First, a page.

D2 and D3 are turned OFF. The clamp capacitor C1 is charged by the capacitor C2 and the energies of leakage

inductor Lk and magnetizing inductor Lm. The currents of the leakage inductor Lk and magnetizing inductor Lm

decrease linearly. Also, a part of the energy stored in Lm is transferred to the secondary side of the coupled

inductor. The dc source VI, capacitor C3 and both sides of the coupled inductor charge output capacitor and

provide energy to the load RL. This interval ends when diode D1 is turned OFF at t = t4.

Stage V [t4 < t < t5 see Fig. 2(e)]:In this stage, S is turned OFF. Diodes D2 and D4 are turned ON and diodes

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linearly. Apart of stored energy in Lm is transferred to the secondary side of the coupled inductor in order to

charge the capacitor C2 through diode D2. In this interval the dc input voltage VI and stored energy in the

capacitor C3 and inductances of both sides of the coupled inductor charge the output capacitor Co and provide

the demand energy of the load RL. This interval ends when switch S is turned ON at t = t5.

III. STEADY-STATE ANALYSIS OF THE PROPOSED CONVERTER

3.1 CCM Operation

To simplify the steady-state analysis, only stages II, IV, and V are considered since these stages are sufficiently

large in comparison with stages I and III. During stage II, Lk and Lm are charged by dc source VI.

Therefore, the following equation can be written according to Fig. 2(b):

(1)

Where k is the coupling coefficient of coupled inductor, which equals to Lm/(Lm + Lk ). Capacitor C3 is charged

by clamp capacitor C1, dc source (VI), and the secondary-side of the coupled inductor. The voltage across the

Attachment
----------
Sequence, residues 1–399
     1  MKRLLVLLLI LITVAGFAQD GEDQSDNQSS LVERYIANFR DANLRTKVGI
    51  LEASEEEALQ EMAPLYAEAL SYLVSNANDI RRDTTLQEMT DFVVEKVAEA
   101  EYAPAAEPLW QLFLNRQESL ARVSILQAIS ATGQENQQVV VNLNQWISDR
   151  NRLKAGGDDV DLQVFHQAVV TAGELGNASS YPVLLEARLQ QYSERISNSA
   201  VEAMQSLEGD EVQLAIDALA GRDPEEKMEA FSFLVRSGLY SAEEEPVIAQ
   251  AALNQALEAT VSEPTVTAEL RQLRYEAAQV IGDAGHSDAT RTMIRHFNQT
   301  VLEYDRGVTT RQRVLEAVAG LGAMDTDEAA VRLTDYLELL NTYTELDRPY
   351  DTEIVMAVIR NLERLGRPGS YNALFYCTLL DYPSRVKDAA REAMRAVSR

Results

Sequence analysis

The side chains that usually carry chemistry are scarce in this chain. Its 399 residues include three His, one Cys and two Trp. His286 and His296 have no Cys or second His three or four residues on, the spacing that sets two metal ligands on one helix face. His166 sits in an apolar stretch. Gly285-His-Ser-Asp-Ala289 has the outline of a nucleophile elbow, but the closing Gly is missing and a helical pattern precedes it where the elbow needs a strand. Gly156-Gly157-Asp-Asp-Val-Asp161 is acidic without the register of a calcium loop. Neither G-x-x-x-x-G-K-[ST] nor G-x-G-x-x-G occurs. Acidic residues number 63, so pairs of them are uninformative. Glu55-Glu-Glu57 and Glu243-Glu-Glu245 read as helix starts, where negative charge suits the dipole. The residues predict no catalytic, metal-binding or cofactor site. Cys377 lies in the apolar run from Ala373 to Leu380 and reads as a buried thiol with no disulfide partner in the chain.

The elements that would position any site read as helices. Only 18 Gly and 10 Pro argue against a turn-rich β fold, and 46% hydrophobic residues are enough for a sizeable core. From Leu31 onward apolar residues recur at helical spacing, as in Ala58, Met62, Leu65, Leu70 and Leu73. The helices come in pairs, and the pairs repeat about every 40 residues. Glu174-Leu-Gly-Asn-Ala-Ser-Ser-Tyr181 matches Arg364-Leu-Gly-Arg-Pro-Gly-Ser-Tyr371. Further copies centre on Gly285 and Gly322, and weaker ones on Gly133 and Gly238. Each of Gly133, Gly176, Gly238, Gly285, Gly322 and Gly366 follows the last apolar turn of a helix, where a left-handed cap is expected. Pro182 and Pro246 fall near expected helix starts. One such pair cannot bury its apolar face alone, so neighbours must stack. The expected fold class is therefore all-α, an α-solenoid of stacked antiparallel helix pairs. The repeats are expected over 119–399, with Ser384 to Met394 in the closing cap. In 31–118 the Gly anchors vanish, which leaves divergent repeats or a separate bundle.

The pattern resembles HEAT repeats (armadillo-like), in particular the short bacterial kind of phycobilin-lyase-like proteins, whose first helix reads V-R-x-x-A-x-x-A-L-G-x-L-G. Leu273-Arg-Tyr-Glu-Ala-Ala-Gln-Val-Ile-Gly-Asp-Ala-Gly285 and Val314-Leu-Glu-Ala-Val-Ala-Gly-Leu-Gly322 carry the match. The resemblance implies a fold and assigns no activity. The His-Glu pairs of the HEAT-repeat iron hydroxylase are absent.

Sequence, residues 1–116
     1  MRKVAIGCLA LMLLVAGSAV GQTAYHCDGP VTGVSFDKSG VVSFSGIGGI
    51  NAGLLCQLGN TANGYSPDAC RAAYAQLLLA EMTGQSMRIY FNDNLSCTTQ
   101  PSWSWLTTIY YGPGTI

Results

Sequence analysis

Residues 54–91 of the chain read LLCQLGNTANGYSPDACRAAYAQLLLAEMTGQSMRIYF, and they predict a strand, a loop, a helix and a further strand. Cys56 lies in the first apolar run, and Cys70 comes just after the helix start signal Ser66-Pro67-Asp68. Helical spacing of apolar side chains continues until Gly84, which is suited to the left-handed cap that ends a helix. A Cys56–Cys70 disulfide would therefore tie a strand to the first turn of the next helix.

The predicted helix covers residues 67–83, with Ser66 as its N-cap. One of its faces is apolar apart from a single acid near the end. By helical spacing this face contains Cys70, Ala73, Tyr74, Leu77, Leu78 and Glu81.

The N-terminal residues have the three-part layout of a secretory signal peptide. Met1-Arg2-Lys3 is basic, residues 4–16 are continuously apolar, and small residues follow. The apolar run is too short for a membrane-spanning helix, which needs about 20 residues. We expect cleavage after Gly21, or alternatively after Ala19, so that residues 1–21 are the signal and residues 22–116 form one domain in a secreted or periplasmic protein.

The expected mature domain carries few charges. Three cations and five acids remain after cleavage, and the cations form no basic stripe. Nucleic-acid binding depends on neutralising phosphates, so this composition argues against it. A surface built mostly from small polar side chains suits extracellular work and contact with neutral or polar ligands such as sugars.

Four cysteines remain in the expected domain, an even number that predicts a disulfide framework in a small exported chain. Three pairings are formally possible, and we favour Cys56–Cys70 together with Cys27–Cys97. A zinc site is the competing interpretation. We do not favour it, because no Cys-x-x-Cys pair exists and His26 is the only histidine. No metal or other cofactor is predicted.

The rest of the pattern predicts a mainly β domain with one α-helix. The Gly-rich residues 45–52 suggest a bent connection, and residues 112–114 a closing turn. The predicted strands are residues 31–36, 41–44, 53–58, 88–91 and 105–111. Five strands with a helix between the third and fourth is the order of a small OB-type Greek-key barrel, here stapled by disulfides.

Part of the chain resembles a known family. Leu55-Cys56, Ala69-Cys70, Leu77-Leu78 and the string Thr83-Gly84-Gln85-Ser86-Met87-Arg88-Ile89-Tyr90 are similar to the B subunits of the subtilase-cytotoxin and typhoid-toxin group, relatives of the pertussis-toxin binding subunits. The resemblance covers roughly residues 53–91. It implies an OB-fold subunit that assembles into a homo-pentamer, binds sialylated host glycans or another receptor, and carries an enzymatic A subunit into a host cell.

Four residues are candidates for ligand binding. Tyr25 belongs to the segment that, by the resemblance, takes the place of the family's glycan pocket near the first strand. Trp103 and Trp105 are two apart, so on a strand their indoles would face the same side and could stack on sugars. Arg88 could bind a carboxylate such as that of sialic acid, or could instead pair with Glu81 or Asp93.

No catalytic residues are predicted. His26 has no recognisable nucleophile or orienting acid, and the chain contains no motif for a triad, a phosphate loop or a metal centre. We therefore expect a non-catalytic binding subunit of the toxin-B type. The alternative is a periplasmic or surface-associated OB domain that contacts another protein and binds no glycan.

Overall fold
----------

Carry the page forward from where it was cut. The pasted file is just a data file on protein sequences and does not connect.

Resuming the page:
capacitor C3 can be expressed by

(2)

Where n is the turn ratio of coupled inductor which is equal to NS /N . As shown in Fig. 2(d), during stage IV,

Lk and Lm demagnetize to the clamp capacitor C1 with the help of capacitor C2. Hence, the voltage across Lm

can be written as

(3)

Also, the output voltage can be formulated based on Fig. 2(d)

(4)

According to Fig. 2(e), in the time interval of stage V, the voltage across Lm can be expressed by

(5)

Moreover, the output voltage is derived as

(6)

According to aforementioned assumption, the output capacitor voltage is constant during one switching period.

Therefore, by equalization of (4) and (6), the following equation is derived as:

(7)

Using the volt-second balance principle on Lm and equations (1), (3), (5) and (7), the voltages across capacitors

C1 and C2 is obtained as

(8)

(9)

Substituting (8) into (2), yields

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(10)

Fig. 2. Current-flow path of operating modes during one switching period at CCM operation. (a) Mode I.

(b) Mode II. (c) Mode III. (d) Mode IV. (e) Mode V.

Substituting (9) and (10) into (6), the voltage gain is achieved as

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Fig. 4. Voltage gain versus duty ratio of the proposed converter, the converters at CCM.

When k equals 1, the ideal voltage gain is obtained as

(12)

The voltage gain versus duty ratio of the proposed converter and the converters proposed under CCM operation

with k = 1 and n = 2 are depicted in Fig. 3. As it is shown n Fig. 4 the proposed converter has higher voltage

transfer gain in comparison with other converters. Also, the voltage transfer gain of the presented converter is

higher than the converter presented. However, in comparison with the presented converter, an additional diode,

an extra capacitor, and a multiwinding coupled inductor is utilized in the converter presented. Based on the

description of the operating modes, the voltage stresses on the active switch S and diodes D1, D2, D3, and D4

are expressed as

(13)

(14)

(15)

According to Fig. 2, the average value of input current can be achieved as follows when switch is turned on/off:

(16)

(17)

From (16) and (17), the average current value of magnetizing inductor can be obtained as follows:

= (18)

The integral form of the current equation of magnetizing inductor can be written as